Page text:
Enter Speed.

speed. Sir Proteus, save you; Saw you my master f Pro. But now he parted hence, to embark for Milan. speed. Twenty to one then, he is shipp'd already : and I have play’d the sheep in losing him. Pro. Indeed a sheep doth very often stray, An if the shepherd be a while away. speed. You conclude that my master is a shepherd then, and 1 a sheep 7 Pro. I do. speed. why then my horns are his horns, whether I wake or sleep. Pro. A silly answer, and fitting well a sheep. Speed. This proves me still a sheep. Pro. True; and thy master a shepherd. &peed. Nay, that I can deny by a circumstance. Pro. It shall go hard, another. Apeed. The shepherd seeks the sheep, and not thy sheep the shepherd ; but I seek my master, and my master seeks not une; therefore, I am wo sheep. Pro. The sheep for fodder follow the shepherd, the shepherd for food follows not the sheep ; thou for wages followest thy master, thy master for wages follows not thee: therefore, thou art a sheep. speed. Such another proof will make me cry baa.

but I'll prove it by

your lover. Pro. But what said she? did she nod t [SPEED nods. Speed. I. Pro. Nod, I ? why, that's noddy. # Specd. You mistook, Sir ; I say she did nod: and you ask me, if she did nod, and I say, i. Pro. And that set together, is-noddy. Speed. Now you have taken the pains to set it together, take it for your pains. Pro. No, no, you shall have it for bearing the letter. Speed. Well, I perceive, I must be fain to bear with you. Pro. Why, Sir, how do you bear with me? Speed. Marry, Sir, the letter very orderly; |ho nothing but the word, noddy for Iny pains. Pro. Beshrew me, but you have a quick wit. Speed. And yet it cannot overtake your slow purse. Pro. Come, come, open the matter in brief ; What said she f speed. open your purse, that the money and the matter unay be both at once deliver'd. Pro. Well, Sir, here is for your pains: What said she f h speed. Truly, Sir, I think you'll hardly win er. Pro. why? Could'st thou perceive so much from her f speed. Sir, I could perceive nothing at all from her; no, not so much as a ducat for delivering your letter: And being so hard to ine that brought your mind, I fear, she'll prove as hard to you in telling her mind. Give her no token but stones; for she's as hard as steel. Pro. What, said she nothing 1 speed. No, not so much as-take this for thy pains. To testify your bounty, I thank you, you have testern'd to me; in requital, whereof, henceforth carry your letters yourself: and so, Sir, I’ll commend you to my naster. Pro. Go, go, be gone, to save your ship from wreck : which cannot perish, having thee aboard, Being destined to a drier death on shore :I must go send some better messenger; i fear, my Julia would not deign my lines, Receiving them from such a worthless post. [A reunt.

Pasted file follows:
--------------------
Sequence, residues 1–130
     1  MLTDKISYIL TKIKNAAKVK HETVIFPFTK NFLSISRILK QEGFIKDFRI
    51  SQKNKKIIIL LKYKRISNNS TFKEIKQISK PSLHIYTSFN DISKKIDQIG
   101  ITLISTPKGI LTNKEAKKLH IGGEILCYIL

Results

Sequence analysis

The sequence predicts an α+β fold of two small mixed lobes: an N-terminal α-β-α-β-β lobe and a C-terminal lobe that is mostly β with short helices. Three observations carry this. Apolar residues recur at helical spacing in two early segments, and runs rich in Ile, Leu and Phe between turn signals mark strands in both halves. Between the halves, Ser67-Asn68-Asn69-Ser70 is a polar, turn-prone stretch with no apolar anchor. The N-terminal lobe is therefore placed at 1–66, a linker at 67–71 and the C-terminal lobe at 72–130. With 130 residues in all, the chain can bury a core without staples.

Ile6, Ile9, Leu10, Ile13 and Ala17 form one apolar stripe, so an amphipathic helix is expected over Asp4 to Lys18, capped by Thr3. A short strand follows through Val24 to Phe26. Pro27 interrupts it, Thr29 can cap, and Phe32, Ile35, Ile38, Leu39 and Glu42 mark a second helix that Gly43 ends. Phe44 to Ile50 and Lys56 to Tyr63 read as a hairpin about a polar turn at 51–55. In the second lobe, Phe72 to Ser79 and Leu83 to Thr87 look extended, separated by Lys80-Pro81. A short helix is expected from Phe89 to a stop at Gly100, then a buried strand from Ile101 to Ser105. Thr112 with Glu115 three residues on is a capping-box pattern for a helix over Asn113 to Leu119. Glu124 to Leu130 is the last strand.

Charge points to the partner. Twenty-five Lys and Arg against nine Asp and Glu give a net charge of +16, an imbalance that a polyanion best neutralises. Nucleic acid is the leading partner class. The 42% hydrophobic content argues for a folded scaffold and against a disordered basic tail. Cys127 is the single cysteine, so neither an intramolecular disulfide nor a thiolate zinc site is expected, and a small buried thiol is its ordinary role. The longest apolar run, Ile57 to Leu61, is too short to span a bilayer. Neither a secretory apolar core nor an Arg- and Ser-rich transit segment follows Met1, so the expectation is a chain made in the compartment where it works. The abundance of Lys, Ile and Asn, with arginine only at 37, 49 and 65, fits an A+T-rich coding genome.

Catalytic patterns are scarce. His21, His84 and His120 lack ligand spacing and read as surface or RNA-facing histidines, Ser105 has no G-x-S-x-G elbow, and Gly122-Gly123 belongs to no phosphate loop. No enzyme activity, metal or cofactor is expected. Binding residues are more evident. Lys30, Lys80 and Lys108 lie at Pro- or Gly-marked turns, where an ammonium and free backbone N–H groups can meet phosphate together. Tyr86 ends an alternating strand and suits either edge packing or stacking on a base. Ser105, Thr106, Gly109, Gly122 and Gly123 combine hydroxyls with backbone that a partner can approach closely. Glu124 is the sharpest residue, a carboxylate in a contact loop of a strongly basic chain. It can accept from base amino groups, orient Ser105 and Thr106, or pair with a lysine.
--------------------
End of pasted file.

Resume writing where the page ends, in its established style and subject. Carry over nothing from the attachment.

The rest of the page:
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Luc. Oh I they love least, that let men know their love. Jul. I would I knew his mind. Jouc. Peruse this paper, Inadan. Jul. To Julia, Say, from whoun 1,wc. That the contents will show. Jul. Say, say ; who gave it thee 3 Aluc. Sir Valentine's page ; and sent, I think, from Proteus : He would have given it you, but I, being in the way, Did in * name receive it ; pardon the fault, pray. Jut. Now, by my modesty, a goodly broker " : Dare you presume to harbour wanton lines : To whisper and conspire against my youth Now, trust me, ’tis an office of great worth, And you an officer fit for the place. There, take the paper, see it be return'd ; Or else return no more into my sight. Luc. To plead for love deserves more fee than hate. Jul. Will you be gone 7 Luc. That you may ruminate. [Erit. Jul. ! yet I would I had o'erlook'd the - etter. 1t were a shame to call her back again, And pray her to a fault for which I chid her. What fool is she, that knows 1 an a maid, And would not force the letter to my view f Since maids, in modesty, say, No, to that Which they would have the profferer construe, A y. Fie, fie : how wayward is this foolish love, That, like a testy babe, will scratch the nurse, And presently, all humbled, kiss the rod : How churlislily I chid Lucetta beuce, When willingiy I would have had her here ! How angrily is taught my brow to frown,